Last year, floods led to a decline in rice exports, but Kewlani pointed out that this year’s improved production and new opportunities in emerging markets signal positive prospects for the sector. While government facilities are available to rice exporters, high tariffs in various countries pose challenges, necessitating agreements with these nations.
He expressed regret over missing the $3 billion target last year due to irrigation issues but remained optimistic about achieving the target in the current year. He stressed the importance of technology and innovative methods to enhance Pakistan’s $4.5 billion worth of rice export capability. The event at the National Press Club also honored REAP officials and members. Abdul Rahim Janoo, Group Chairman Sindh, predicted that the rice export sector would become the largest contributor to the national economy soon.
Various members of REAP suggested that, with enough support from the government, the export figure could reach up to $4 billion in the next two to three years. But how should the government extend its support? Afterall a taxpayer expects the government to protect his interests.
What is better, food security or dollars?
A potential downside of the surge in non-basmati rice exports could be a price hike in the local market. A rice shortage could have far-reaching impacts, affecting wheat, soybeans, corn, and maize prices, with potential consequences for food items and fuel. A shortage is already in effect resulting in panic buying by a lot of the countries.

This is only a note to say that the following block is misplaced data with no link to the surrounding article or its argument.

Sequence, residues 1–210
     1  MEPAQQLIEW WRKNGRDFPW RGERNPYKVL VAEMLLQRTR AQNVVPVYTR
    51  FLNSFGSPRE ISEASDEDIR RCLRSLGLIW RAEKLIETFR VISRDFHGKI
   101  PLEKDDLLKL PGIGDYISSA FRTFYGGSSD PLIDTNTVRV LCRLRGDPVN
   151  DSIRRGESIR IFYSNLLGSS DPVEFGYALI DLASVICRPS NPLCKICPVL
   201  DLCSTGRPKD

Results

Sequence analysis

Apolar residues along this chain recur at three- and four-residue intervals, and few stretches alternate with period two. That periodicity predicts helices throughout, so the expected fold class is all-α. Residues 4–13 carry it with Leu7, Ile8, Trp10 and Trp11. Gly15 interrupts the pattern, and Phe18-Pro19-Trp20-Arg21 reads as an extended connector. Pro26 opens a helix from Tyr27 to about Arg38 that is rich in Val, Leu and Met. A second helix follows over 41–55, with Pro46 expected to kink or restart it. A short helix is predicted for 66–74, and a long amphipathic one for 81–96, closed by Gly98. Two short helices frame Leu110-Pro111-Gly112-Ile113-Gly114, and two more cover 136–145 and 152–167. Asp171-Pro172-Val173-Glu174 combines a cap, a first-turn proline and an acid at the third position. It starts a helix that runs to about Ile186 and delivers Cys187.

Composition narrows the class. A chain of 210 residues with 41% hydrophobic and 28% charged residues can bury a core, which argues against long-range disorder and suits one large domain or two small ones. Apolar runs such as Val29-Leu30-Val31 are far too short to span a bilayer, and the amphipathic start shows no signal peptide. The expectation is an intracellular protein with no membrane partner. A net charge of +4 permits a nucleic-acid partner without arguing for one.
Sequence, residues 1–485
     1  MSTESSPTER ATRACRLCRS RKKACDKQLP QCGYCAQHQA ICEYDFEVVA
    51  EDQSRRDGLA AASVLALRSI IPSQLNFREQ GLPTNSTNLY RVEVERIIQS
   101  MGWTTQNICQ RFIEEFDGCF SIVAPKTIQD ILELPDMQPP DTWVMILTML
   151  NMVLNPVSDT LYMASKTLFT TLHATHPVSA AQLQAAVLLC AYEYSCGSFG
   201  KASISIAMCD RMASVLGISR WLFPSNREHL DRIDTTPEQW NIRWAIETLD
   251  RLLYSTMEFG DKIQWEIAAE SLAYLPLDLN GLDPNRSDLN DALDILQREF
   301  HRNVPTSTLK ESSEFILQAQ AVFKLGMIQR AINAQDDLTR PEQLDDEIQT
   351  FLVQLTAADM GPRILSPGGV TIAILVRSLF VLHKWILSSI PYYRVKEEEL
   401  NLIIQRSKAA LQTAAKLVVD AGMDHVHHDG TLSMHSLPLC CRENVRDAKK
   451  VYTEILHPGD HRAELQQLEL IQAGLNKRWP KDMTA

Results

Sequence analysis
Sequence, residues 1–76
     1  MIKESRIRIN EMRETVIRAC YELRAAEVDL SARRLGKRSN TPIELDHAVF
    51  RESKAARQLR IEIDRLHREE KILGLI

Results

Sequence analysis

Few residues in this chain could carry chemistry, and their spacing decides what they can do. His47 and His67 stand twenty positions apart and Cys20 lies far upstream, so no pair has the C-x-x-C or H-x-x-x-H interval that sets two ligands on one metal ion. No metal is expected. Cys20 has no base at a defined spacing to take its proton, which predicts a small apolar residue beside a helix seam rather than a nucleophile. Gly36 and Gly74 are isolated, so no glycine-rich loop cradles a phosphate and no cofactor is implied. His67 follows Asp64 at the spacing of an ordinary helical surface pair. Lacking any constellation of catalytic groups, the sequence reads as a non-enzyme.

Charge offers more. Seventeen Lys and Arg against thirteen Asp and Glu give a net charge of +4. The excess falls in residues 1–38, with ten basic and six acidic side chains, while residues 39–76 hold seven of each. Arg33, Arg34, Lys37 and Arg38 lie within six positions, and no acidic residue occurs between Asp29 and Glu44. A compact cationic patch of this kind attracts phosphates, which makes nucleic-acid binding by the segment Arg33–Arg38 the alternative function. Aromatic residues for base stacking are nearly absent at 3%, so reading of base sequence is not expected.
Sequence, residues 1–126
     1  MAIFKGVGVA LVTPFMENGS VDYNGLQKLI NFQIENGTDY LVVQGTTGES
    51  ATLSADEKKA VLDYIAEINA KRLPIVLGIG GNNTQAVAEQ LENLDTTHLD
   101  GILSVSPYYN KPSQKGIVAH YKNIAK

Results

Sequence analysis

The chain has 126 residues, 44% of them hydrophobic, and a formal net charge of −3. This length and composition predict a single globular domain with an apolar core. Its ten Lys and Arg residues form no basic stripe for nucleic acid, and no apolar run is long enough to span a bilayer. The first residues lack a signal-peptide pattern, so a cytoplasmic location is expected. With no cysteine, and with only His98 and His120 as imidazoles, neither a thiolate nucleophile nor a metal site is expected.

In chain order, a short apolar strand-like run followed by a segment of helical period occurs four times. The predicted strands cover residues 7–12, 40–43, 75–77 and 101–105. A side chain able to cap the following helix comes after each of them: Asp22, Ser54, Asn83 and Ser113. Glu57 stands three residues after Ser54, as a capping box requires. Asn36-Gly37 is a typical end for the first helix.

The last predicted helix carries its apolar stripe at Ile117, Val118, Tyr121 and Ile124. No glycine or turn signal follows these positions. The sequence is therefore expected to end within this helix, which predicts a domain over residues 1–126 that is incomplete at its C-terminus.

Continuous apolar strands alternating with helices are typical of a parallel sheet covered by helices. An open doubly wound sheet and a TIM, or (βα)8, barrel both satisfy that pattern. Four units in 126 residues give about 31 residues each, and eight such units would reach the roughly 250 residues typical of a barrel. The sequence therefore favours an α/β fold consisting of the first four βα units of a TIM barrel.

While the producers of rice at REAP celebrate high profitability, the government gears up for another big concern. The annual food inflation in November 2023 stood at a staggering 29.23%. What is however more interesting is the requisite inflation in rice.
According to inflation data published by the Pakistan Bureau of Statistics (PBS), the inflation in the prices of rice was recorded at 58.32% in urban areas and above 60% in rural areas. With the REAP looking to break previous export records, the domestic market could be left with an even lesser amount of stock, resulting in worse levels of food inflation. With a commodity as essential as rice, a tight monetary policy just might not be enough to curb a demand-pull inflation cycle.
It is a question that other major rice exporters are also grappling with. Both Thailand and Vietnam emphasized that they will ensure their domestic consumers are not hurt by rising exports. “It’s unacceptable for a rice-exporting country to face tight supplies and high domestic prices,” Vietnam Minister of Industry and Trade Nguyen Hong Dien said in August.
It must be remembered here that Pakistan has the opportunity to take some of the Indian market away not in the long-term but just this year in particular. India is facing high food inflation for the same reason that the rest of the world is: the Russia-Ukraine war. Next year, if India is not facing similar food inflation, they will be back to take their place as the biggest rice exporter in the world. The question that faces policy makers is whether or not a one time export boost is worth the immediate pain that short term inflation will cause the public.
Therefore, the caretaker government might find itself at an impasse, let the free market dictate the trade and cause food insecurity or intervene and give up on crucial foreign exchange reserves that Pakistan desperately needs.